American Express executives said on an earnings call Thursday that it is unsure of what will happen to the program once the acquisition becomes official sometime this year
Starwood is the second biggest American Express co-brand product after Delta. And there are any number of things that could be in its future. American Express knows what its contract with Starwood that was only recently re-upped says in the event of change in control and that’s not public. However,
- Assuming Starwood gets folded into Marriott Rewards, we’ll have a Marriott Visa. Will Starwood cardmembers continue to earn points with their American Express (like US Airways cardmembers continue to earn American miles after the merger) with with Amex unable to issue new cards? What would the earning rate be, a mere 1 Marriott point per dollar as with the Chase Marriott co-brand?
- Or will the Starwood American Express card simply go away?
- American Express is talking up the idea that Marriott could leave the Starwood Preferred Guest program separate. That seems unlikely, because even though there’s value in a separate program (and Marriott runs a kind of sort of separate Ritz-Carlton program) ‘merger synergies’ are going to pretty much require they get everything onto the same platform.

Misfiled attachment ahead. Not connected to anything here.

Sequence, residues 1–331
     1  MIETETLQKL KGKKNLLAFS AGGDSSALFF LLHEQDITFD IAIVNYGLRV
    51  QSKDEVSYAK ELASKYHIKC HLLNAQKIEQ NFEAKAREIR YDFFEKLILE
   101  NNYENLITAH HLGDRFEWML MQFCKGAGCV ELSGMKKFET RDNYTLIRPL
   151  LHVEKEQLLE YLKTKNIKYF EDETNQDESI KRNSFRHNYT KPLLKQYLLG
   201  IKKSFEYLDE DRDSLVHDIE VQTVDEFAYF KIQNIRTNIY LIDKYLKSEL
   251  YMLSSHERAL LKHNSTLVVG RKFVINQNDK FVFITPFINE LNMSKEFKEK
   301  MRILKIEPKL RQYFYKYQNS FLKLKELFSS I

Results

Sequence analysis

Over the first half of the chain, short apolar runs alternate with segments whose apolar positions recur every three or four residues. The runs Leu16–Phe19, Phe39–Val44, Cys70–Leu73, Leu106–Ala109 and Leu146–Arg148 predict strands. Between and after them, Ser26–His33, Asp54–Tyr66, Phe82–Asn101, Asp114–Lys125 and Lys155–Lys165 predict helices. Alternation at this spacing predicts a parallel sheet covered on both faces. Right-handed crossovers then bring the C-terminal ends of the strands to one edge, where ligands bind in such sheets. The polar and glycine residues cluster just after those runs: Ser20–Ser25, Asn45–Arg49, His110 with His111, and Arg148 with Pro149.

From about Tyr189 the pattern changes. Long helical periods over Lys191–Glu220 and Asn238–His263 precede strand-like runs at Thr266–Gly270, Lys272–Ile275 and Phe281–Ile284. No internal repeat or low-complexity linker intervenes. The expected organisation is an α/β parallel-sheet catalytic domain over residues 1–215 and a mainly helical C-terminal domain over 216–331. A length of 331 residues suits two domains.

The idea of a separate Starwood Preferred Guest is a message that the CEO of American Express seems to be pushing by negging Marriott.
“If you have a group of customers that in fact have relied on getting very strong value for a product, the last thing you want to do is diminish the value of the product,” said American Express CEO Ken Chenault. “I think that the Marriott people are very customer-centric, very smart, and I don’t think they would have done this deal if the objective was to dilute the value of products to some of their most important customers.”
Chenault isn’t wrong of course that Marriott will be destroying value in the form of customer loyalty by folding Starwood Preferred Guest into Marriott Rewards. And Starwood members will certainly be bitter not just about the loss of elite benefits but the value of their points as well if points are converted at less than 2.5 to 1 (at an absolute minimum).
But I also don’t think his description is accurate of the genesis of the deal, that Marriott had the SPG value proposition as a key asset in its merger calculation. My guess is he’s merely talking hopefully, not quite ready to tell Wall Street at a time of disappointing earnings that they’re going to lose another significant business line.